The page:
A parent at a child's birthday questions why the host mother is serving a beverage with high-fructose corn syrup.
“You don't care what the kids eat, huh?” the parent says, sarcastically.
The host mom responds that she's confident in her choice because HFCS is made from corn, natural and, like sugar, fine in moderation.
This exchange is shown in a television ad that's part of a multimedia campaign from the Corn Refiners Association, Washington, aimed at changing the perception of HFCS, a corn starch-based sweetener that has replaced sugar in many beverages, cereals, breads and other processed foods.
The ad campaign is an effort to counter the backlash against HFCS, which critics say is worse than regular sugar because it's processed. They also say it encourages overconsumption of sugars because it's cheaper than sugar, resulting in lower prices of products that contain HFCS.
About 44.3% of grocery shoppers indicate they have heard or read about food products marketed as free of high-fructose corn syrup, according to a CRA-sponsored study, conducted last year.
Indeed, the HFCS-free trend is catching on. Log Cabin Syrup, for instance, has replaced HFCS with natural sugar, and PepsiCo last year introduced Pepsi Throwback and Mountain Dew Throwback for a limited time. Both products use natural sugar rather than HFCS.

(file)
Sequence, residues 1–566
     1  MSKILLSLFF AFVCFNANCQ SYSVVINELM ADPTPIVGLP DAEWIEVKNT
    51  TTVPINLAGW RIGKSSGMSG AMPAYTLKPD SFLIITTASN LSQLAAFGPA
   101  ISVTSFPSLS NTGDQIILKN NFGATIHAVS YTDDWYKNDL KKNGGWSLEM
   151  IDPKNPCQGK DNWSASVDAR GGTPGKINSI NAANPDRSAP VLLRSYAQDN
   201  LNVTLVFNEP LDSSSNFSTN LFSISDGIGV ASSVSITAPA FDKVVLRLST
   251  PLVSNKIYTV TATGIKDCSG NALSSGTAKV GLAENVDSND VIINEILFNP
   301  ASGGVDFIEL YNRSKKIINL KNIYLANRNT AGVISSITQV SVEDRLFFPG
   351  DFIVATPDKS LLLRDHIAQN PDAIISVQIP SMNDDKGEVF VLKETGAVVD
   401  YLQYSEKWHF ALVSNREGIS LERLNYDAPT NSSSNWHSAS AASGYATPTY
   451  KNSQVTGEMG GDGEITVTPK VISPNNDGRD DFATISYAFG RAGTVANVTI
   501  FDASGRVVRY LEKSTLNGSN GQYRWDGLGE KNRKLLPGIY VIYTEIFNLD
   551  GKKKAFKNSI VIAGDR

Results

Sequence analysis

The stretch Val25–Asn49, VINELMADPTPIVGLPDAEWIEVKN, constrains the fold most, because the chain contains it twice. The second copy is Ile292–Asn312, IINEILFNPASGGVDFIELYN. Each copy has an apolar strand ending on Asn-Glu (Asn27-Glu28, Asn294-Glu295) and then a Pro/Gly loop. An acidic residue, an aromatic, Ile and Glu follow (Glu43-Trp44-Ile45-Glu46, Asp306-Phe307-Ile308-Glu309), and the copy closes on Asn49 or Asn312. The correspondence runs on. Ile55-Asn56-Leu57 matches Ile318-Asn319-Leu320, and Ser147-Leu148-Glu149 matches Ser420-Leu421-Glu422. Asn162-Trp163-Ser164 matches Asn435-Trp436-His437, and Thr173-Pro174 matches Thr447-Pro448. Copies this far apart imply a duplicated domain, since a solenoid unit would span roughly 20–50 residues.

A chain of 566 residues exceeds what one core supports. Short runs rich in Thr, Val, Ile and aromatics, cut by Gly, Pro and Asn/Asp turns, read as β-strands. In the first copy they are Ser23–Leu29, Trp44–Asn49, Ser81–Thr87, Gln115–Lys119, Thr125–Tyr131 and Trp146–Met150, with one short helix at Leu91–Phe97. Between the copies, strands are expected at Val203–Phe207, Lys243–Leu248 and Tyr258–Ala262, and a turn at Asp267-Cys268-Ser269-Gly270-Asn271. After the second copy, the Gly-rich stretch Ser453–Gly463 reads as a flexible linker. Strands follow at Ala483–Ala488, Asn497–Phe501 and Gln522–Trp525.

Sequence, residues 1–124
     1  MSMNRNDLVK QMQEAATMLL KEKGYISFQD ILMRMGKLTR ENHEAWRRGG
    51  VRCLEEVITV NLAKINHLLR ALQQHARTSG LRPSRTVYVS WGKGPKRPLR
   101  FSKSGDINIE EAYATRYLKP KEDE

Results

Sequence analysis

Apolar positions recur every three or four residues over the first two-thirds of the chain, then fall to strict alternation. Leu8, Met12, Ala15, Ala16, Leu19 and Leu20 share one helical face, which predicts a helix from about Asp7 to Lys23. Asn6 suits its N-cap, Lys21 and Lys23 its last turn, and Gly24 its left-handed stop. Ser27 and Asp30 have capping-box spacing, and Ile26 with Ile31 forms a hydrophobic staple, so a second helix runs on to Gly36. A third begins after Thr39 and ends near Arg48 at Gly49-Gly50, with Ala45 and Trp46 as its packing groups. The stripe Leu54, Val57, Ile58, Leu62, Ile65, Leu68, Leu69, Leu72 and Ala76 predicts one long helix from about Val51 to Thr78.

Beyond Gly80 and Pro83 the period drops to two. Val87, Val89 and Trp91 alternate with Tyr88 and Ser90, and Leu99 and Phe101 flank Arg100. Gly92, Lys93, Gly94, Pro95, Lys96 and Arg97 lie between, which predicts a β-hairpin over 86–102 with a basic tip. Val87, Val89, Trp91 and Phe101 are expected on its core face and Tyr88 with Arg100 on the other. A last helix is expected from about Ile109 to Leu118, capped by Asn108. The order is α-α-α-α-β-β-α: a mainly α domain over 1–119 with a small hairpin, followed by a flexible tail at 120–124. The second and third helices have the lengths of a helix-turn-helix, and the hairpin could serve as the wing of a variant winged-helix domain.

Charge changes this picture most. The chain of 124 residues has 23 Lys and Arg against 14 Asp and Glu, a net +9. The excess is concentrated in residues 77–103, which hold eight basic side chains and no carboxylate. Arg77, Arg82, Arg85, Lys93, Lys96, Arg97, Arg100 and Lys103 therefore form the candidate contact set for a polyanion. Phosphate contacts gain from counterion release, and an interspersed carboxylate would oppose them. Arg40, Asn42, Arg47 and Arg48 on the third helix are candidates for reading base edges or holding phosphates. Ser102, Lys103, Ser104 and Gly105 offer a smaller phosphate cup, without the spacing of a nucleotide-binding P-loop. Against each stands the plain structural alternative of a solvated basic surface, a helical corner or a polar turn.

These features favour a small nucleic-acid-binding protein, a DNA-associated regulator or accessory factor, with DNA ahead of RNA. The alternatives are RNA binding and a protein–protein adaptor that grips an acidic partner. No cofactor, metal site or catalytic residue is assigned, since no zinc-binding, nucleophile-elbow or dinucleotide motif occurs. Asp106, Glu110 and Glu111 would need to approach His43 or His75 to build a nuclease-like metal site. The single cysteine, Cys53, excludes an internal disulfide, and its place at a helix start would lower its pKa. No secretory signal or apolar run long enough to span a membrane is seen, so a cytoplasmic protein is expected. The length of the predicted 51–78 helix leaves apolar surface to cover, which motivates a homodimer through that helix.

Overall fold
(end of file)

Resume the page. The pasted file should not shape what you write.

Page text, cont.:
Efforts to position HFCS as unhealthy are “a form of marketing gimmickry that will force consumers to pay more at checkout,” CRA President Audrae Erickson told SN.
A CRA print ad states that HFCS is nutritionally the same as table sugar. “High Fructose Corn Syrup Made Me Fat,” the copy reads. “No, going back for thirds made you fat,” it continues.
“Consumers are learning that a calorie is a calorie and a sugar is a sugar,” Erickson said. “They're equally caloric and handled by the body in the same way.”
The Washington-based Sugar Association, in turn, said claims that HFCS is “nutritionally equal” to sugar are false and misleading. While sugar is all-natural, HFCS does not exist in nature and is highly processed, according to the Sugar Association.
The controversy has left consumers unsure what do to. Because of this, many are asking their supermarket registered dietitians for help.
Barbara Ruhs, Chandler, Ariz., Bashas' registered dietitian, said HFCS serves a purpose because it helps keeps food and beverage prices lower.
But she's concerned that it's increasingly becoming overused.
“It's getting out of control — it's an ingredient in almost everything,” she said.
Along with its primary use in beverages, HFCS can be found in many other products. Since it retains moisture and keeps ingredients evenly mixed, it's used in products like bran cereal and yogurt. It also enhances spice flavorings, so it's also used in sauces and marinades.
Ruhs recommends that people consume it in moderation or, if concerned about it, switch to products without it.
At Hy-Vee's Fleur Drive location in Des Moines, Iowa, store dietitian Anne Cundiff gets occasional questions about HFCS.
She can see why it's used in sports drinks and other beverages. But she recommends that shoppers look for another brand if they see HFCS in the ingredient list of foods like breads and cereals.
“It doesn't have a place in those kind of products,” she said.